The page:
Sunday 7 May 2017

Movie Review: Danny Collins (2015)

A dramatic comedy with some music, Danny Collins is about better-late-than-never priority adjustments. The film succeeds by staying within itself despite falling into some melodramatic traps.

Danny Collins (Al Pacino) is a singer in the twilight of his career, milking his hit songs from decades past in front of an antiquated audience. He is frequently high on coke, and superficially enjoys the trappings of fame including a huge mansion and trophy girlfriend Sophie (Katarina Čas). When his long-time manager and friend Frank (Christopher Plummer) unearths a letter to Danny written by John Lennon in the early 1970s but never delivered, the performer is shaken out of his stupor.

Recognizing he may have wasted away a career, Danny abandons his latest tour, ditches Sophie, cleans up, and relocates to a modest Hilton in New Jersey to reach out to his long estranged son Tom (Bobby Cannavale). He finds Tom, his wife Samantha (Jennifer Garner) and daughter Hope living a modest middle class life. Danny also meets and try to woo the hotel's resistant manager Mary (Annette Bening). Although at first Tom wants nothing to do with his father, Hope's ADHD and a family sickness provide the now persistent Danny an opportunity to reset some relationships.

Written and directed by Dan Fogelman, Danny Collins is a low-key character study brought to life by an irrepressible Al Pacino performance. Despite his late career crisis, Collins is written to stay true to his rascal tendencies, allowing Pacino to ride the wave of a consummate entertainer intent on making some changes but never straying far from who he is. Even as he sets up in a nondescript New Jersey suburb, Danny enjoys his fame and fortune, is not hesitant to flaunt his wealth and influence, and is happy to dole out advice and pursue Mary with minimal subtlety.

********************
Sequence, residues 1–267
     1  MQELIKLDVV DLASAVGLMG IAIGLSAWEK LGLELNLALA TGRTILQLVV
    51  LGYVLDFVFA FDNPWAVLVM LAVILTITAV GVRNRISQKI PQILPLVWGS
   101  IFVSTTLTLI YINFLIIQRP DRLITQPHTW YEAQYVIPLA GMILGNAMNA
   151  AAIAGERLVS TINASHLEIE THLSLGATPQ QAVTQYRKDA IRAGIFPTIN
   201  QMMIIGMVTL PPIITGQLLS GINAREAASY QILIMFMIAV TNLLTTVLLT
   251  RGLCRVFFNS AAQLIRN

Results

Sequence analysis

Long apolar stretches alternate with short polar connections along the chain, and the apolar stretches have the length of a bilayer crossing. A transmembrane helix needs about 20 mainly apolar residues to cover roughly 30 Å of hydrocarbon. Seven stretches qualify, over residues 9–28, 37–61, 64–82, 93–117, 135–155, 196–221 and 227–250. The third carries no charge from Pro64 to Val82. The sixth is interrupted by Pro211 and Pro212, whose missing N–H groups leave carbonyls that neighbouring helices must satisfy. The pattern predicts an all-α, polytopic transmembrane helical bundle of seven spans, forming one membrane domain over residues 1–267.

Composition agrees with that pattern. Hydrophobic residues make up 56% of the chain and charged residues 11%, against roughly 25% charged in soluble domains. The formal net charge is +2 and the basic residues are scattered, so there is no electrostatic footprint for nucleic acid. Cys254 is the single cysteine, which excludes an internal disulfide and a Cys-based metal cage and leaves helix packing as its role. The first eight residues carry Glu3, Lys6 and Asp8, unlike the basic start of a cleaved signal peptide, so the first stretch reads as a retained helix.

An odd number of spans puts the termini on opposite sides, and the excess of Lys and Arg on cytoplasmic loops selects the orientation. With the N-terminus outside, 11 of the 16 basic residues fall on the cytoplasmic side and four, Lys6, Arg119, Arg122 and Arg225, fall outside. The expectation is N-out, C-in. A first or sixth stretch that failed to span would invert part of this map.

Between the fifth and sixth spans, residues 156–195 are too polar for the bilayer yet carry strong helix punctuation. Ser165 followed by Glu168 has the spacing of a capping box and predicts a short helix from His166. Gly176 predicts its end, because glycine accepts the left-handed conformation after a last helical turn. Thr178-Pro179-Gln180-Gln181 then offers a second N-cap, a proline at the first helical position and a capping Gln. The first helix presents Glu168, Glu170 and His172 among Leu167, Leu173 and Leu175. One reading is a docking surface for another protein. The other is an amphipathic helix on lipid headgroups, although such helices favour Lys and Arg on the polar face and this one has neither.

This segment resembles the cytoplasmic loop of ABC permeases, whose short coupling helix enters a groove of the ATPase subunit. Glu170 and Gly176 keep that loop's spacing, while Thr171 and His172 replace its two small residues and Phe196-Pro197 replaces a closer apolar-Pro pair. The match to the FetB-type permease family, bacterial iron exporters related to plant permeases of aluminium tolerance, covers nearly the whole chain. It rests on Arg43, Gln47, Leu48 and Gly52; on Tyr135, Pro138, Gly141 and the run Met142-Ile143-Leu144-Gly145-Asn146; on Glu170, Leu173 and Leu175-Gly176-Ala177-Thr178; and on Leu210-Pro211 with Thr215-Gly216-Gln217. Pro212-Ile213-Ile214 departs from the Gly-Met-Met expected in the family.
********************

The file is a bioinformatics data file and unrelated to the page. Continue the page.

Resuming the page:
The scenes with Danny getting to know Tom and his family benefit most from this focus on realistic human behaviour, with both father, son and daughter-in-law reacting with laudable maturity within the field of awkwardness. Danny is too old to worry about his own feelings, so he just niggles his way through the initial barriers to find the openings where he can make some amends to a life of neglect. Tom and Samantha are pragmatic enough to appreciate effort and good fortune when it smiles on them.

The film's weaknesses reside with the eye rolling introduction of a serious disease, layered on top of young Hope's ADHD. It almost makes Danny's restitution mission too easy, fast forwarding the familial bonding opportunities to tidily fit into the under two hours of running time. Danny's romantic pursuit of Mary fares better, her wariness of the celebrity at her modest hotel providing a sturdy defence against his frontal advances.

Danny Collins may lack boldness and any sort of cutting edge, but it's a well-rounded effort delivered with a veteran's sure touch.

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